“Go Home Greta” – The Automatic Earth
It seems to be a truism, and probably is, that ‘mankind is its own worst enemy’. If that is so, then the modern ‘climate movement’ comes a close second.
I agree almost totally with what Raúl Ilargi Meijer of The Automatic Earth says in his ‘Go Home Greta’ post. I do believe that Greta Thunberg is a well-intentioned young woman – well, not quite a young woman just yet – and much of what she says is true, but it is not the whole story by any means. And Ilargi is quite correct to say that she is being used as a public image for what evil and manipulative commercial interests see as a hugely rewarding profit source and possibly a lifeline for their very continuation as other interests on which they have relied for so long fade into insignificance.
Davos is not the place to champion any form of… (pause, while I try to think of what Greta is doing there) …of what? Climate action? Seems reasonable. But then there actually is no forum anywhere …including the UN… for championing such. The global climate action envisaged by corporate interests would actually see an end to all life on Earth. I’m sure that is not what Greta wants to see.
Ilargi has it partly right by questioning the motives and commitment of the upcoming child-to-adult generation.
“If you don’t start with yourself, how are you ever going to tell others what to do? How many phones and gadgets and cars do you have? Do your clothes also say Made in China? Personal question.”
And that is what is really at the heart of the problem – ‘people‘. Though Ilargi does not, perhaps understandably, seem to want to go near that issue in this piece.
People are just beginning to realise that there is a problem. What they may not have realised just yet is that they are the problem. You are the problem. I am the problem. All (in less than 3 years time) 8 billion of us humans are the problem. Or at least somewhere between six or seven eighths (that’s between 6 and 7 billion of us) are the problem.
There are too many of us and if we care to look back to the time when no human was the problem (things were going along just swimmingly – wars and famines and droughts, along with slavery and exploitation, persecution, torture and execution – all the usual human activities), we will find that just before the industrial era began, some two centuries ago or a little earlier, Earth’s ideal population level (unbolstered by the energy sources we have unleashed since that time) was around one to one and a half billion – having been more or less stable at that level (apart from the occasional near-extinction situation where at one point, not many ten-thousands of years ago, it is estimated only some 500 females of child-bearing age were still left alive) for hundreds of thousands of years.
So, we have at the very least quadrupled our population numbers (perhaps double that) over those two centuries of progress powered by the excess energy that we enabled and over-used and abused to the detriment of both ourselves and our environment. And until we come to terms with the implications arising from that realisation, no amount of mitigation, adaptation, or the seeking of ‘solutions’ is going to be worth a ‘hill of beans’ with regard to our newly perceived plight.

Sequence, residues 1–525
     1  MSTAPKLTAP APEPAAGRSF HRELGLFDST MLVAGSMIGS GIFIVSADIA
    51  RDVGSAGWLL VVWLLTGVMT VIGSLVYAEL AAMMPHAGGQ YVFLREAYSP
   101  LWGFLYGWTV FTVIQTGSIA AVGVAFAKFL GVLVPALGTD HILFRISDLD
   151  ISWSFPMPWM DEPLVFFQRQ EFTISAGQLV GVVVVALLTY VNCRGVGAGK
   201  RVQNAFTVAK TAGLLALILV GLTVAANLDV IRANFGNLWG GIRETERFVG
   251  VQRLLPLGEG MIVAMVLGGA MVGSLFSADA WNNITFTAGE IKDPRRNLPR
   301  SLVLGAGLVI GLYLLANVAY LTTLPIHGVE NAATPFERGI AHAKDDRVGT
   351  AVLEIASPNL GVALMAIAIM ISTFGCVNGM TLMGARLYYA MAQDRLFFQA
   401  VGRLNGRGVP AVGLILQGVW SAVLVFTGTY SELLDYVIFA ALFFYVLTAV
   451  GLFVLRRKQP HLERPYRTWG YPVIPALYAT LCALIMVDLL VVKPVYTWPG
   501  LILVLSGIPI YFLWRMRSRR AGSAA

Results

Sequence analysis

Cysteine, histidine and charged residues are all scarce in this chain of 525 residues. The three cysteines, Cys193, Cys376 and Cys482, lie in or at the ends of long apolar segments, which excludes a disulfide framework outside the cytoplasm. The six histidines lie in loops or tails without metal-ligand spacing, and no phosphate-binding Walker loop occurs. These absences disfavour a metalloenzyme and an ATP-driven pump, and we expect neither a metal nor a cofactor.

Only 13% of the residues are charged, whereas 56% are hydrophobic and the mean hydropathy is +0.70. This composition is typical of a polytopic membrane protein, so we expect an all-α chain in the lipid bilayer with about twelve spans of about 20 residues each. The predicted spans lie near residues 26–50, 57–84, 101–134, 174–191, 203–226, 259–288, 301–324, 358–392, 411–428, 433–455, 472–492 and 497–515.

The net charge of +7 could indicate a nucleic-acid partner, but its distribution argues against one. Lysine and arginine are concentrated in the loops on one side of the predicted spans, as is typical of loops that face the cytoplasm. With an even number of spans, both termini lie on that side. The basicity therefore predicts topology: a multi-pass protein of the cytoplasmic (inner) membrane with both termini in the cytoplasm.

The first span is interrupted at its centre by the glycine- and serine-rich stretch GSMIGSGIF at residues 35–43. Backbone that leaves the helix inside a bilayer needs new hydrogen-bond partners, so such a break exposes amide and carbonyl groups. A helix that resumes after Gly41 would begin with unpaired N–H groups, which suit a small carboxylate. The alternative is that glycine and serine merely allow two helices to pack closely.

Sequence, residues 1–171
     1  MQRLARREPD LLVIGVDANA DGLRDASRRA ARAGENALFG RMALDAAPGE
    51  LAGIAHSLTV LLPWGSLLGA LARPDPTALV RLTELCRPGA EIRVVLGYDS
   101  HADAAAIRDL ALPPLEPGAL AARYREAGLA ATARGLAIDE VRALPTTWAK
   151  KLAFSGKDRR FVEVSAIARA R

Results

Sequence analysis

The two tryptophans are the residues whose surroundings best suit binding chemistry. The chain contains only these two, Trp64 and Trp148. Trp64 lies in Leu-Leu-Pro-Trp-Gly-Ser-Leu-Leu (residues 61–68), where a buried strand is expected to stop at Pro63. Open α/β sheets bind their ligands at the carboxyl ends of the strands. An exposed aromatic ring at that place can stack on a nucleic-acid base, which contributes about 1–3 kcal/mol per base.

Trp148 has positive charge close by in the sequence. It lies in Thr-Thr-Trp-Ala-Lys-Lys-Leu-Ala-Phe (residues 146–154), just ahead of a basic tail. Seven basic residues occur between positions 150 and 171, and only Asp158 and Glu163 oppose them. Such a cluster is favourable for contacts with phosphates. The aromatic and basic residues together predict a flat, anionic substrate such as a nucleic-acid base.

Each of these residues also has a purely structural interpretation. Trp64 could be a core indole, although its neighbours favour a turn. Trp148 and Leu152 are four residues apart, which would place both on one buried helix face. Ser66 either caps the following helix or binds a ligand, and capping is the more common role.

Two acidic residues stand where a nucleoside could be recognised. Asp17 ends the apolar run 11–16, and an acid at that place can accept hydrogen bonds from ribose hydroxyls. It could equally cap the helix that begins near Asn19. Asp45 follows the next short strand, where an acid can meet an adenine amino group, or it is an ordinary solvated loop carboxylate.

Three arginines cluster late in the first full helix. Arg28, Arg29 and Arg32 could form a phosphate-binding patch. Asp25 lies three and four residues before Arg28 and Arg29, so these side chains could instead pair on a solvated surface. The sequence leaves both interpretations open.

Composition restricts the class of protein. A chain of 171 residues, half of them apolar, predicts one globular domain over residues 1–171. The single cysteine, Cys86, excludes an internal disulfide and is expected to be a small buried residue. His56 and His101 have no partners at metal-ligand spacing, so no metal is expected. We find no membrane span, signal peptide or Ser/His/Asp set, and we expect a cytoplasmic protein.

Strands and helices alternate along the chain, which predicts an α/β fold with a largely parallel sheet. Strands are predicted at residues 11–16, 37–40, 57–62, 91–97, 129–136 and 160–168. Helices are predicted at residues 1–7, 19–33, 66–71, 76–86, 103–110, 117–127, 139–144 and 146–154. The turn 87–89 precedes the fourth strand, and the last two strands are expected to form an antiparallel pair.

The only viable solution now, and it doesn’t mean that we can escape the consequence of our ‘dumb’ actions of the past two centuries, is that some 6 to 7 billion of us have to go the way of the Dodo. And pretty quickly.
There are two and I think only two mildly acceptable ways to potentially achieve that.
One is to do nothing, which also includes taking the sort of climate action that commercial interests want to see. That will fairly quickly result in a natural cull of humanity as our planet burns, floods, erupts and in a variety of ways withholds those necessities of life that currently sustain so many of us – food, water, shelter. calm. Leaving us with few inhabitable places to seek refuge until the Earth restores some form of balance – which could take centuries, or longer.
The other way is twofold. First we must increase the death rate. Humanity will continue to grow indefinitely given the right circumstances and it is only the difference between the birth and death rates that can regulate that. We must make it easier to die. Chiefly by not prolonging life artificially – which we will not be in a position to do anyway quite soon, as energy dwindles and pharmaceuticals (non-naturally occurring or perhaps even all) can no longer be made. That will help. Then we must prevent as far as possible all new births. At least for the best part of a generation, perhaps even longer. Again, with no modern health services remaining, this will naturally shrink back to pre-industrial levels. Though we may not have time to see that effectively come about naturally.
Yes, I know this all sounds extreme, and would perhaps even be impossible or impracticable to undertake. There is always alternative one, and that may be enough – though it will not be our choice in the matter. Perhaps a merging of the two at some level can be accommodated. What we must not allow to happen is for some World Government to oversee the process.
I hope you will at least agree with me that the party now is really over. There is only the cleaning up left to do. And you all know the distaste we all feel about doing that. Suck it up, princess.